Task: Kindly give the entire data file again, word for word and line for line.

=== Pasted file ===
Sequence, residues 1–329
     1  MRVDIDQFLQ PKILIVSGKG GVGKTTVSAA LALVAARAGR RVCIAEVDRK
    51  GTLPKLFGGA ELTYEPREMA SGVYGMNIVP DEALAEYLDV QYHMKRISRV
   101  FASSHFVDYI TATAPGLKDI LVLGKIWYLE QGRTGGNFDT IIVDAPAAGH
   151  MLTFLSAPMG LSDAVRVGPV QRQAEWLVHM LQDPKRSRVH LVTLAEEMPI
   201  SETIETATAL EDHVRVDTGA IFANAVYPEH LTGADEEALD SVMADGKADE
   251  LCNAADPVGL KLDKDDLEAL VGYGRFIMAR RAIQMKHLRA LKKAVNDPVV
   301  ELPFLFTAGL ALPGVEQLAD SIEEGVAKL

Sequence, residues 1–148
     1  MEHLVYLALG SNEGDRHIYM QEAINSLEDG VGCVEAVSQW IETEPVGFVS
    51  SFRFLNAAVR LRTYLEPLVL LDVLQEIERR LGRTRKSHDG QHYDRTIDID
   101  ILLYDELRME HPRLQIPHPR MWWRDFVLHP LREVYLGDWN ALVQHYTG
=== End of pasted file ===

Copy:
Sequence, residues 1–329
     1  MRVDIDQFLQ PKILIVSGKG GVGKTTVSAA LALVAARAGR RVCIAEVDRK
    51  GTLPKLFGGA ELTYEPREMA SGVYGMNIVP DEALAEYLDV QYHMKRISRV
   101  FASSHFVDYI TATAPGLKDI LVLGKIWYLE QGRTGGNFDT IIVDAPAAGH
   151  MLTFLSAPMG LSDAVRVGPV QRQAEWLVHM LQDPKRSRVH LVTLAEEMPI
   201  SETIETATAL EDHVRVDTGA IFANAVYPEH LTGADEEALD SVMADGKADE
   251  LCNAADPVGL KLDKDDLEAL VGYGRFIMAR RAIQMKHLRA LKKAVNDPVV
   301  ELPFLFTAGL ALPGVEQLAD SIEEGVAKL

Sequence, residues 1–148
     1  MEHLVYLALG SNEGDRHIYM QEAINSLEDG VGCVEAVSQW IETEPVGFVS
    51  SFRFLNAAVR LRTYLEPLVL LDVLQEIERR LGRTRKSHDG QHYDRTIDID
   101  ILLYDELRME HPRLQIPHPR MWWRDFVLHP LREVYLGDWN ALVQHYTG